Western Price Survey
Week's End Edition
Expectations of hotter weather lit a fire under electricity prices throughout the Western U.S. After losing value throughout the week, trades for both daytime and off-peak power posted appreciable gains at the close of Friday trading.
Average daytime prices for all hubs gained value. From the Friday-to-Friday period from Aug. 6 through Aug. 13, Northwest hubs showed the largest gains -- rising $13 and $15/MWh from the previous Friday and trading well above $50/MWh. The California-Oregon Border hub posted the week's high spot price of $57.75/MWh.
North of Path 15 and South of Path 15 average peak prices also jumped by the week's end, although not as dramatically. By Friday, NP15 and SP15 gained between $8 and $9/MWh compared with the previous week and traded for highs of $45 and $48/MWh.
Palo Verde average daytime pricing started the week soft, but picked up $10.85/MWh by Friday to end the week at $31.77/MWh. The hub posted the weakest average prices in the West for daytime and nighttime trades.
Peak demand on the Cal-ISO grid reached the week's high of 35,491 MW Friday at 4 p.m. Future demand may approach 43,500 MW Tuesday, Aug. 17.
According to the U.S. Energy Information Administration, a 37 Bcf addition to natural gas reserves provided a total of 2.985 Tcf in storage as of Aug. 6.
This addition was 24 Bcf less than last year's 63 Bcf injection at this time and the lowest net injection for August since 2007. It is also the eighth week that inventories have been less than the five-year average net injection, though total inventories are just 15 Bcf shy of the 3 Tcf mark and reached that level earlier than in any previous year except 2009.
Hotter weather hasn't buoyed natural gas prices, nor has a spike in demand. Henry Hub spot prices traded at $4.38/MMBtu on Wednesday, Aug. 11, down 39 cents from the preceding Wednesday, according to the EIA. Spot prices traded at an average of $4.35/MMBtu Friday. Futures at the hub Wednesday, Aug. 11 were down 9 percent to $4.33/MMBtu, and traded for the same price on Friday.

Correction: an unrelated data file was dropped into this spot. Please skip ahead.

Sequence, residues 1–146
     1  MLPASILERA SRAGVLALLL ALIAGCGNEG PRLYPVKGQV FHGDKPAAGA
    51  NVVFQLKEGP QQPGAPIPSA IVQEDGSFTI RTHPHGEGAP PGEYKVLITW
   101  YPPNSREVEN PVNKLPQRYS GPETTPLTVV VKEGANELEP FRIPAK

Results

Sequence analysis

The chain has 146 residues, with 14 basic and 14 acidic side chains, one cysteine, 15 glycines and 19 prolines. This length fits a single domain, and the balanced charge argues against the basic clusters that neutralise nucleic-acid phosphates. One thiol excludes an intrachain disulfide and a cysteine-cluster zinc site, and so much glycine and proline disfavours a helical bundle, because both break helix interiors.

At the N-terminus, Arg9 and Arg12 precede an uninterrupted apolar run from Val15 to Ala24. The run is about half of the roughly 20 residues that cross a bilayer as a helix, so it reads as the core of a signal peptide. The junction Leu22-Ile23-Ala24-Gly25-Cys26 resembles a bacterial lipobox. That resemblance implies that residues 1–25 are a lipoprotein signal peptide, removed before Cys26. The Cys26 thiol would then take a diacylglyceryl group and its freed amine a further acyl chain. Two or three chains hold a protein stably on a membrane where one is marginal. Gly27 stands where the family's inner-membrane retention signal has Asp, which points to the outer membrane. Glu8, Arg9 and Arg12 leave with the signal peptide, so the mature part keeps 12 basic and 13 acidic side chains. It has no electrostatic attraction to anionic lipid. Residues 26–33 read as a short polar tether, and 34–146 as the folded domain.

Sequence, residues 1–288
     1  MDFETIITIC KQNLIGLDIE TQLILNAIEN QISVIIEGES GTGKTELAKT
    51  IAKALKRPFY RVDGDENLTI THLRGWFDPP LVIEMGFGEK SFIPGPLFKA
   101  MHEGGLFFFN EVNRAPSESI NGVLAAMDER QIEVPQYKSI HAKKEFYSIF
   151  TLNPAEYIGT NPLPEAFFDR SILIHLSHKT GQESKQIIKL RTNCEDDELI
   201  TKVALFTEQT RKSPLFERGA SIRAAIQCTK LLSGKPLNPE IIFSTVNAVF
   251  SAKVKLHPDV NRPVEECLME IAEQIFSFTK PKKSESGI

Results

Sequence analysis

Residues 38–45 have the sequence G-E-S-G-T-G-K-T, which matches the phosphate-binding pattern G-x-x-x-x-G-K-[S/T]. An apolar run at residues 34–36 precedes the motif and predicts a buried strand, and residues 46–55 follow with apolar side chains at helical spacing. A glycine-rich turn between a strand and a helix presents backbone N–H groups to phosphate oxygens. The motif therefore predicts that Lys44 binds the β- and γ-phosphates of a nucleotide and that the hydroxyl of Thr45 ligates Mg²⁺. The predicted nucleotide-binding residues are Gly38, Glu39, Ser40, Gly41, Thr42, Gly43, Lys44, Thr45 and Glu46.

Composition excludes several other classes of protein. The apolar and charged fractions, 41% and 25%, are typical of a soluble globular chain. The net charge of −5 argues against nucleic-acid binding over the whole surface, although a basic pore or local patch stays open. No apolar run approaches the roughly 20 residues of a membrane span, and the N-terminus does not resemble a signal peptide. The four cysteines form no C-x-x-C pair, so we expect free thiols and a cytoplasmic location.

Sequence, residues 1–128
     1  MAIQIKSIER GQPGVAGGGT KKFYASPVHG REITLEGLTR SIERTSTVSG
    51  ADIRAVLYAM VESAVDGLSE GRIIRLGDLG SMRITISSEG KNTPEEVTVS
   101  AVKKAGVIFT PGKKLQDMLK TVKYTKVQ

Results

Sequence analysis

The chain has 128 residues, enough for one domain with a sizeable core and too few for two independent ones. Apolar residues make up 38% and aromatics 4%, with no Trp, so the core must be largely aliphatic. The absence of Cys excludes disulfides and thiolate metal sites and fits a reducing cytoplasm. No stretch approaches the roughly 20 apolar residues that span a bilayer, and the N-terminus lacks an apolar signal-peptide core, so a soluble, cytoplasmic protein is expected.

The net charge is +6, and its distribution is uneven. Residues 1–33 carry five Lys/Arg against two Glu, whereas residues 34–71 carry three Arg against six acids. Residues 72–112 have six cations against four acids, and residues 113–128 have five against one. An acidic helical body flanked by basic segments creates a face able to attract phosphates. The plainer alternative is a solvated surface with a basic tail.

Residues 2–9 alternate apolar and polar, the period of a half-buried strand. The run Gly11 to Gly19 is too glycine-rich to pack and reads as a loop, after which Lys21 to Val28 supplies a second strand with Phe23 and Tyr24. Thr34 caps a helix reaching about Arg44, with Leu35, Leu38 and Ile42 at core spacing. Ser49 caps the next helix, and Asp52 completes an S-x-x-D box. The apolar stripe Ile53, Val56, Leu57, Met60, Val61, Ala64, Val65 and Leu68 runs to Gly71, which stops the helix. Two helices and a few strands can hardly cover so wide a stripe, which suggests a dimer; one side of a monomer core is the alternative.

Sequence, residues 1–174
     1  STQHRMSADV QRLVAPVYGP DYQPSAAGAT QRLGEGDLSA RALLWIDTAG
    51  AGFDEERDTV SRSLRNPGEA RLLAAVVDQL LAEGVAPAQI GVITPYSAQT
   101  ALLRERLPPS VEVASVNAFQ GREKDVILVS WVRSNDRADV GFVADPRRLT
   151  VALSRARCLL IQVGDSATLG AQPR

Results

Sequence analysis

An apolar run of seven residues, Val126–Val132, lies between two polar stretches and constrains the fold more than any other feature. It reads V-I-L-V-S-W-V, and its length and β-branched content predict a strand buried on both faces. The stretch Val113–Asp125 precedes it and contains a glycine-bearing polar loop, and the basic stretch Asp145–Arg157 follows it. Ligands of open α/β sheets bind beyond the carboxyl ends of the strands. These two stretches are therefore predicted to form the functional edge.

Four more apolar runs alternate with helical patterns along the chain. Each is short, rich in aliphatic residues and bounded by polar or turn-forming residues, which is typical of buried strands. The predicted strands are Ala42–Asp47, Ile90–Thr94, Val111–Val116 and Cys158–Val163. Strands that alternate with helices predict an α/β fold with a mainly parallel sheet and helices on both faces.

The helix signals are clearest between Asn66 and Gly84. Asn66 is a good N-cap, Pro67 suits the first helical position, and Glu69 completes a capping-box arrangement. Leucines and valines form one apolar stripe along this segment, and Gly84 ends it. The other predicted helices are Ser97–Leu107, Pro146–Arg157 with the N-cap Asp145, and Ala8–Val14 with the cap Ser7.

The EIA's Short-Term Energy Outlook, released Aug. 10, predicts that nominal production decreases coupled with increased consumption will boost natural gas prices next year. The EIA states that Henry Hub spot-price averages should be $4.98/MMBtu in 2011, though that amount is about 20 cents less than forecast in the last report.
What's ahead: A weekend heat wave throughout portions of the West Coast promises to linger into the work week, particularly in the Pacific Northwest and California's Central Valley. Clear, 90-degree weather should persist in Seattle through at least Tuesday. Oregon should still have highs around the century mark in inland locations through Monday. Meteorologists are uncertain what conditions might be for midweek and beyond for Oregon and Northern California. A marine layer-onshore flow combination is expected to keep coastal California cool. Temperatures in the Los Angeles area are expected to be at or below normal. But the Central Valley is predicted to have temperatures exceeding 100 °F well into Thursday. Bakersfield may hit 109 [Linda Dailey Paulson].
* Prices represent both day-ahead locational marginal prices (financial swaps, or EZ Gen DA LMPs) and quasi-swap prices (EZ Gen) as reported by ICE.
Archives of the Western Price Survey for the past year are also available online.
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